After retaining the lead at the start and controlling the race past his only pit stop, for a scary moment it looked as though the race might slip away from Ricciardo when he reported a loss of power over the team radio. Sebastian Vettel closed in and you wondered what would happen first – would he pass the ailing Red Bull before it finally broke down?
Incredibly, neither happened. Ricciardo worked out how to manage the issue for the next 50 laps and after the initial scare, he never really looked like he was going to lose the win. A late Virtual Safety Car period could have made things tricky, but if anything that only extended his advantage and his gap to Vettel at the finish was over seven seconds – pretty much the biggest it had been all race.
Lewis Hamilton finished a slightly dejected third, having struggled with his tyres for pretty much the entire distance. He came home ahead of Kimi Raikkonen and Valtteri Bottas, meaning the top five in the race was exactly the same as the top five on the grid which is… well, pretty much standard Monaco, isn’t it?
Best of the rest was Esteban Ocon, who drove an absolutely storming race. Not because sixth is his best result of the season, but because he was only a few seconds behind Bottas. He was the front of a train of four cars, each of which had good races, actually – Pierre Gasly seventh, Nico Hulkenberg eighth, and Max Verstappen – who actually managed to overtake quite a few cars – finished ninth. Given that there were no safety cars and very few retirements, that’s an impressive effort, but doesn’t change the fact that without his FP3 crash he could easily have been on the podium.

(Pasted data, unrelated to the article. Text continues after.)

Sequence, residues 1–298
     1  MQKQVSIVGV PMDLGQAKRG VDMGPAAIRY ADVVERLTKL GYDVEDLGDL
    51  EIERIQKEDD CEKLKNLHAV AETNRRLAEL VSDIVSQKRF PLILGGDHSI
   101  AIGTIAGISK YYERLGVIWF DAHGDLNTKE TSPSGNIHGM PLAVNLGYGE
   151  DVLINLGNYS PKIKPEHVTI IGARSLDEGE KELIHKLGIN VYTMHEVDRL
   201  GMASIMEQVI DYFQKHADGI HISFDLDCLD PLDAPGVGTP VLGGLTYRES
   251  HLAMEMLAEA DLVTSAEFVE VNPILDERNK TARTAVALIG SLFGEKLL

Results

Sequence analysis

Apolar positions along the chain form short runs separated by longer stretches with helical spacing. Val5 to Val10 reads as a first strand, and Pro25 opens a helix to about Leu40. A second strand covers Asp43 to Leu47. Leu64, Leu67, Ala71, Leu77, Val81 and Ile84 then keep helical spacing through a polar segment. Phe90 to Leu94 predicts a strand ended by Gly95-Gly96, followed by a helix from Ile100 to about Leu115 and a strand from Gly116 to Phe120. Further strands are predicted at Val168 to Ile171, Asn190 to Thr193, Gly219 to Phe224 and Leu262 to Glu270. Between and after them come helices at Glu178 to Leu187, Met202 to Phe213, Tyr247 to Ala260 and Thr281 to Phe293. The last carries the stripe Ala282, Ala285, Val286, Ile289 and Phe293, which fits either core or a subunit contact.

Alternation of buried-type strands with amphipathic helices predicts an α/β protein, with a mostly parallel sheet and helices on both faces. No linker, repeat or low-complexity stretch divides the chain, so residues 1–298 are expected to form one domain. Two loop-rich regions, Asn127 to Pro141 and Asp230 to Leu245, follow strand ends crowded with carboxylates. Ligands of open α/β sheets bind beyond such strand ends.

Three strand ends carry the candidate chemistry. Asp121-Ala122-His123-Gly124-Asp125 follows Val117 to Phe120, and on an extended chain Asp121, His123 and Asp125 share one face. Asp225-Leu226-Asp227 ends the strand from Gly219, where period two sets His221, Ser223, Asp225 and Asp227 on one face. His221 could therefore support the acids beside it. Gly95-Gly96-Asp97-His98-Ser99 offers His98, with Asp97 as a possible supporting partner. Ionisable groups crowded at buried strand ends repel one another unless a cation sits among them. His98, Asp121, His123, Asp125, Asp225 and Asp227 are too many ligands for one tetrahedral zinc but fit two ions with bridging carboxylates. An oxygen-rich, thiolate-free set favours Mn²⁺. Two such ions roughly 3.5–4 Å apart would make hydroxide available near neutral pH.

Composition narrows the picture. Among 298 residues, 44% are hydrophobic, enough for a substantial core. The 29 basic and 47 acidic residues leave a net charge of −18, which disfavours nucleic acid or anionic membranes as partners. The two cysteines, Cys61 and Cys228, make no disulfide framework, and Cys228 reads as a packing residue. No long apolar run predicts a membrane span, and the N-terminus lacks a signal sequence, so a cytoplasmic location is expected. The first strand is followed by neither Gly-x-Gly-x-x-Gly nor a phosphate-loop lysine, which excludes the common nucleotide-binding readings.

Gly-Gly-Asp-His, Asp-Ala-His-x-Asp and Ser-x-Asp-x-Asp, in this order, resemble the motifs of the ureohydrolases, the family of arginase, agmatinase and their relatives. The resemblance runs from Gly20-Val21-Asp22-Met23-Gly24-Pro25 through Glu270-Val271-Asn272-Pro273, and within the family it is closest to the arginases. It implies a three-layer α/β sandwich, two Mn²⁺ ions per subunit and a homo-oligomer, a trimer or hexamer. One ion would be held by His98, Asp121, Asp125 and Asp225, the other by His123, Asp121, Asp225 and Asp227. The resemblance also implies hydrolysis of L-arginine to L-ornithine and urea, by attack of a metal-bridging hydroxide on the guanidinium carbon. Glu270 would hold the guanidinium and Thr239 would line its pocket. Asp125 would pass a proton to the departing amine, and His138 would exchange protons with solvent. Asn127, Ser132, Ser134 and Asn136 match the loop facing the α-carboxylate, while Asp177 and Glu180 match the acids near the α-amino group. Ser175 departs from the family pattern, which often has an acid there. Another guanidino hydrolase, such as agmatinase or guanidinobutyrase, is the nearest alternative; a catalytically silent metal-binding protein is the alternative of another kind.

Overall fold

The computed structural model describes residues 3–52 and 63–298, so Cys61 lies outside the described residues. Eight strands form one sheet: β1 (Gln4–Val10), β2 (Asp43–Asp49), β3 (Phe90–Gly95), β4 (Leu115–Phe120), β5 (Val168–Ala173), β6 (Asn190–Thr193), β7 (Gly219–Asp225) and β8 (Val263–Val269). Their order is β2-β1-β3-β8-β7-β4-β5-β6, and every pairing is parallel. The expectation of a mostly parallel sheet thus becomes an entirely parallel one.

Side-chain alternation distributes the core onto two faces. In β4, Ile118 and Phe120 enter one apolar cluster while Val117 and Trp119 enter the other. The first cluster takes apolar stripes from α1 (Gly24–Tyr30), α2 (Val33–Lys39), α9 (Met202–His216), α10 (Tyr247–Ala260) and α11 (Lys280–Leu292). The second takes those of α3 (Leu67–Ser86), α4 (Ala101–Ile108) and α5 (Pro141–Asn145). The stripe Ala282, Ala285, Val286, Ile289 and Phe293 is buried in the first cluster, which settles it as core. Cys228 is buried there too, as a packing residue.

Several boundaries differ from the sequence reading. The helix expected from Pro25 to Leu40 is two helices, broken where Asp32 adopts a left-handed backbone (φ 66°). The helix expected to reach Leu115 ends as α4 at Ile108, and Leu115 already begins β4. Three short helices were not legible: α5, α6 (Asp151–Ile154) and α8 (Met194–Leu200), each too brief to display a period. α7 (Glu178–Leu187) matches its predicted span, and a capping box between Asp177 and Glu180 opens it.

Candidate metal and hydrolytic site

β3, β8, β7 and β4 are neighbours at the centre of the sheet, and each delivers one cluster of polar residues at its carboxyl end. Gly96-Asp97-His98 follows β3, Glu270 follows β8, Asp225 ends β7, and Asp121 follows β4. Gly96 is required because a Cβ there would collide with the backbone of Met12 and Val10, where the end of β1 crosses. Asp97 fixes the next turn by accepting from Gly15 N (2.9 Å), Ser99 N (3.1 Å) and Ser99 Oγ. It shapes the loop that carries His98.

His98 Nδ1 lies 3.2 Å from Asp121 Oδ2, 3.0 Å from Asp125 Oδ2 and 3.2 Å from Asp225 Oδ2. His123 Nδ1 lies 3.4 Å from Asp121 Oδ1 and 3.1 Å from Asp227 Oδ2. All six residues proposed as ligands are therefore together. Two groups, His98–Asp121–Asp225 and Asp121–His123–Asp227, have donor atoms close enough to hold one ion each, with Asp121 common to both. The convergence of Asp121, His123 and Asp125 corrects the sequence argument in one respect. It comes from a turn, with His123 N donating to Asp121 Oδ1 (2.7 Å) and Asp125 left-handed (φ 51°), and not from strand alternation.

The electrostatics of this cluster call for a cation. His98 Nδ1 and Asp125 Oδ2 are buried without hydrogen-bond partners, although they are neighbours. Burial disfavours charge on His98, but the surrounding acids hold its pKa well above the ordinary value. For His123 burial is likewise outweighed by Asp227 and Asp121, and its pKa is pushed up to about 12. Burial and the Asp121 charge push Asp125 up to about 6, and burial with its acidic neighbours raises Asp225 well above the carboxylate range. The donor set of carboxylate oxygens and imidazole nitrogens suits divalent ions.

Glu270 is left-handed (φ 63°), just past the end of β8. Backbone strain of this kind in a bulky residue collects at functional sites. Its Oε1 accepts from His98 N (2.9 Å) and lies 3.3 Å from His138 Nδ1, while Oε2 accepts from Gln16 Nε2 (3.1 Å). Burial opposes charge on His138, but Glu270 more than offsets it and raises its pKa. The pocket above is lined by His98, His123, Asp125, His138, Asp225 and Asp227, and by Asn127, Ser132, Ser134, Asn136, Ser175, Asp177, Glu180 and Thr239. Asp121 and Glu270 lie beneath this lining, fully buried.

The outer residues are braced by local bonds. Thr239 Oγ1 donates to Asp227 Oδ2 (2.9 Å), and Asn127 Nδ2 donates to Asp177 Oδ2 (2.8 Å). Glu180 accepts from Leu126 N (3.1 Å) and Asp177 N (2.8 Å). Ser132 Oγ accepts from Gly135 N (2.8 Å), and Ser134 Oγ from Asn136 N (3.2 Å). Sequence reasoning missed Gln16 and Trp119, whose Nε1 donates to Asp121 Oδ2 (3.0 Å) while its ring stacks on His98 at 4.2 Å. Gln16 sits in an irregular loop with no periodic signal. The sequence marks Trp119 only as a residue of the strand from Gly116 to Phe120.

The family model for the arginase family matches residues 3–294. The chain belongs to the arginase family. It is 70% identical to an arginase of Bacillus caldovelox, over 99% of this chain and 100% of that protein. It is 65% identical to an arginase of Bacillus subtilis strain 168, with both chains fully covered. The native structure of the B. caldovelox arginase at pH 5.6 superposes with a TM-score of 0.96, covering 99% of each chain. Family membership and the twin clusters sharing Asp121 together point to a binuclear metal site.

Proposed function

Fernando Alonso’s points streak came to an end when his gearbox gave up, and the other two retirements – and cause of the late VSC – were Charles Leclerc and Brendon Hartley. Leclerc was close behind the Toro Rosso coming out of the tunnel when his brakes failed and he ploughed into the back of the Kiwi – not the way he will have wanted his first home grand prix to have ended.
Still, at least when those guys were in the race they were having an alright time, something that couldn’t be said about the Williams drivers. Sergey Sirotkin’s impressive qualifying came to nothing as he was slapped with a stop-go penalty early on because his mechanics were working on the car for too long on the grid. Lance Stroll, on the other hand, suffered a couple of punctures and spent a lot of the race moaning about things and the team brought up the rear of the field.
For all of Ricciardo’s previous wins, featuring impeccable overtakes and daring lunges, this lights-to-flag win from pole is arguably his best because of the issues he was managing. Christian Horner compared it to the Michael Schumacher was stuck in fifth gear but still finished second – whilst probably not quite on that level (if there’s any track where you want a power issue, it’s Monaco) it’s still bloody impressive – and well deserved.
It also moves Ricciardo to third in the championship and means that he, Vettel, and Hamilton each have two wins this season. Could we be seeing the first signs of a three-way fight for the title?